TWO-BROWNGIRLS

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Hey ladies! I love seeing you guys grow. The blog continues to be a favorite for my and many other folks. Keep at it! I'll be releasing a video about women you will love on friday!

Asked by
sal-c

Hey! thanks so much for your messages man! Really good to see you putting up your spoken word online, we’re following it on Instagram and the new video is pretty powerful. Looking forward to seeing more of your stuff, we’ll keep an eye out for the new material :)

- A&Sx

NEELAM JOHAL - “BEING BRITISH DOESN’T JUST MEAN BEING WHITE”

Beautiful BROWNGIRL Neelam Johal caught everyone’s eye when she appeared as part of Burberry’s new campaign earlier this year and was most recently featured in British Vogue’s spread on a new generation of models to watch out for. 

Neelam glistens in this fashion film for Vogue India and her doe-like, chiselled face is endlessly intriguing. Just 18 years old, hailing from the modest suburbs of Coventry, Neelam says she wouldn’t rule out Bollywood films or acting avenues in the future too. 

"Fashion reaches all different ethnicities, and the market is so wide now that customers truly aren’t going to be just one skin tone," she says. "I’m really happy that I’m working for a company that embraces diversity, especially because Burberry’s a British brand and they realize that being British doesn’t just mean being white."  - Teen Vogue

With such rising popularity and a mature outlook, we’ll be looking out for where modelling will take Neelam next. 

Follow her journey and catch her tweeting @NeelamKG  

- S

A TWO-BROWNGIRLS TRIP - GOA 2014 

Many of you might already know (from our bombardment of photos on Instagram) that we flew over to India earlier this year for a brief post-uni respite in sunny, sandy Goa.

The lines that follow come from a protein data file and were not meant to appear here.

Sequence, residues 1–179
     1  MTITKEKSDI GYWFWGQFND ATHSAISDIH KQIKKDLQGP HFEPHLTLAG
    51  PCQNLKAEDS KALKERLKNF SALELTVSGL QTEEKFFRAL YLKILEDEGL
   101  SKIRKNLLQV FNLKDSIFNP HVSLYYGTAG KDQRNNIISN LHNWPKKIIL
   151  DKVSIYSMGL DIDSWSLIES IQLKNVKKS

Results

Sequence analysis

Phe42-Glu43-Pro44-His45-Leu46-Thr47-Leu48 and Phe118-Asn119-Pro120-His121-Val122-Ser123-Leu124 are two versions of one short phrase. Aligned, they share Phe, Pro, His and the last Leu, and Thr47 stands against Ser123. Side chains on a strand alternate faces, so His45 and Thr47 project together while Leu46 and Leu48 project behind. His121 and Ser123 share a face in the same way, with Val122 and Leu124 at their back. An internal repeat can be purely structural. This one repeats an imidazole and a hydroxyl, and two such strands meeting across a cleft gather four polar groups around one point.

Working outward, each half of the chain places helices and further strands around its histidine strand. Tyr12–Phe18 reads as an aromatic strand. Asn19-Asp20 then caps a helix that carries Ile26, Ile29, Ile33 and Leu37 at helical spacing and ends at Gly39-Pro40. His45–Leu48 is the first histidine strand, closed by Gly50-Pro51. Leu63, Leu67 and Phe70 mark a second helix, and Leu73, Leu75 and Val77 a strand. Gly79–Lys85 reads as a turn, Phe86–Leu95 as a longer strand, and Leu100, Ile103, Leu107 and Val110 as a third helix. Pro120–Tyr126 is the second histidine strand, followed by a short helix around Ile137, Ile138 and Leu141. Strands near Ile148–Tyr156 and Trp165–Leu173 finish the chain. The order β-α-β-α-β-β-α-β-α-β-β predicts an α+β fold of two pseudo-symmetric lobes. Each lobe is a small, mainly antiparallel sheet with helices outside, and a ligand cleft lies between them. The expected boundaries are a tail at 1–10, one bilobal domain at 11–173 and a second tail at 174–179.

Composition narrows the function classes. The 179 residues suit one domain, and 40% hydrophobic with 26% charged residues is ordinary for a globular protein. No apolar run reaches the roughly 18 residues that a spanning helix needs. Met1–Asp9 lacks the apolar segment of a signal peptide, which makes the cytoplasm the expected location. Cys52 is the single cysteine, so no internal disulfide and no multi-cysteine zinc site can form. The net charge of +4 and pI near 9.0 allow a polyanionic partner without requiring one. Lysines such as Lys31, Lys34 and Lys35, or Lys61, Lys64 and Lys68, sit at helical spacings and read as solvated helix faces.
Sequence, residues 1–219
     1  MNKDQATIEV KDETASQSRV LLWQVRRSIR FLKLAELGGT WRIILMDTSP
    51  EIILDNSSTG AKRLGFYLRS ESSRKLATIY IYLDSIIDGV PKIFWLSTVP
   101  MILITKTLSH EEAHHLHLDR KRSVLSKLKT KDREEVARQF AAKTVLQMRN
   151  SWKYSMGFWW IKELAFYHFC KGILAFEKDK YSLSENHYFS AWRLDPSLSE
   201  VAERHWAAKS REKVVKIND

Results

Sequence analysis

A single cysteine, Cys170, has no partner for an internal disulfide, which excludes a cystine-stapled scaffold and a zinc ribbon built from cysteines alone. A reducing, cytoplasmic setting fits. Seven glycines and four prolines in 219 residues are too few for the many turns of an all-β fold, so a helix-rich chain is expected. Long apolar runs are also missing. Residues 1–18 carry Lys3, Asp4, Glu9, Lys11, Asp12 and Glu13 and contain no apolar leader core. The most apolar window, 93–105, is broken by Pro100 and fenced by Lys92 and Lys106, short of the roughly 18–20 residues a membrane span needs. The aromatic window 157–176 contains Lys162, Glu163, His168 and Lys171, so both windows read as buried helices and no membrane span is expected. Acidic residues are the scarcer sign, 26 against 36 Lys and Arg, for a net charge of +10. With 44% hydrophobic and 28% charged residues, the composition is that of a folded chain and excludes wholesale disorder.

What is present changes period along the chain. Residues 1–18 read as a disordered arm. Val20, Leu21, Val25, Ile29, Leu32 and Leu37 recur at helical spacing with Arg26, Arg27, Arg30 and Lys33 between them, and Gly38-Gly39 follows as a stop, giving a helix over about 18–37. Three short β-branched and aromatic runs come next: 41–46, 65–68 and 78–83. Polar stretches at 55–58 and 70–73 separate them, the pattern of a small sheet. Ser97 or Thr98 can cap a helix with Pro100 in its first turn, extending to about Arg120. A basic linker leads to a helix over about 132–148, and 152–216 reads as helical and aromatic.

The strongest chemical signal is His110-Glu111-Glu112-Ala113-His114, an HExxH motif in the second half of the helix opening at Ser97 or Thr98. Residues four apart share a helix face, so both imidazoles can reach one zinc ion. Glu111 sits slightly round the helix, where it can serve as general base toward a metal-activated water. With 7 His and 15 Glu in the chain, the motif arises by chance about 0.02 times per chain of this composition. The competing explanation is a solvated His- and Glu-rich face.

After a 15 hour train journey from Baroda, we arrived and chilled out in a villa complex further into the mainland of the state. Most of our days were spent trying out delicious dishes and exploring the area, including many famous beaches. Our favourites were quieter spots in the North, particularly Mandrem, with it’s endless, wide stretch of clean sand and sparse, chilled-out beach-goers. 

We also managed to go crocodile watching along the eerie, narrow backwaters of Goa, and visit an organic spice farm where we (read: Aaminah) ended up spending half our holiday money buying essential oils and spices we will probably never use. 

After over-eating and getting a bit sick (typical) we decided against the epic train journey home (ten minutes before the train arrived) and haphazardly jumped on a couple of last minute flights back to Aaminah’s home base.

The journey back remains a delirious blur. 

India is always full of jokes and adventures, the best way to enjoy it is to just take the ride!

Hopefully we’ll be embarking on more TWO-BROWNGIRLS TRIPS soon!

Where should we go next?

LUPITA NYONG’O - “YOU CAN’T EAT BEAUTY”

Now that the Oscar hype is dead and gone, let’s not forget about Lupita. But how could we forget her really after this incredible speech at the Essence Awards?

Lupita touches on her own experience of praying constantly for lighter skin when she would be teased and taunted about her darker shade. After her mother told her that she ‘could not rely on how she looked to sustain her’ she told the world, 

"What is fundamentally beautiful is compassion, for yourself and for those around you. That kind of beauty enflames the heart and enchants the soul. I hope that my presence on your screens and in magazines may lead you, young girl, on a similar journey. That you will feel the validation of your external beauty but also get to the deeper business of being beautiful inside, there is no shade to that beauty.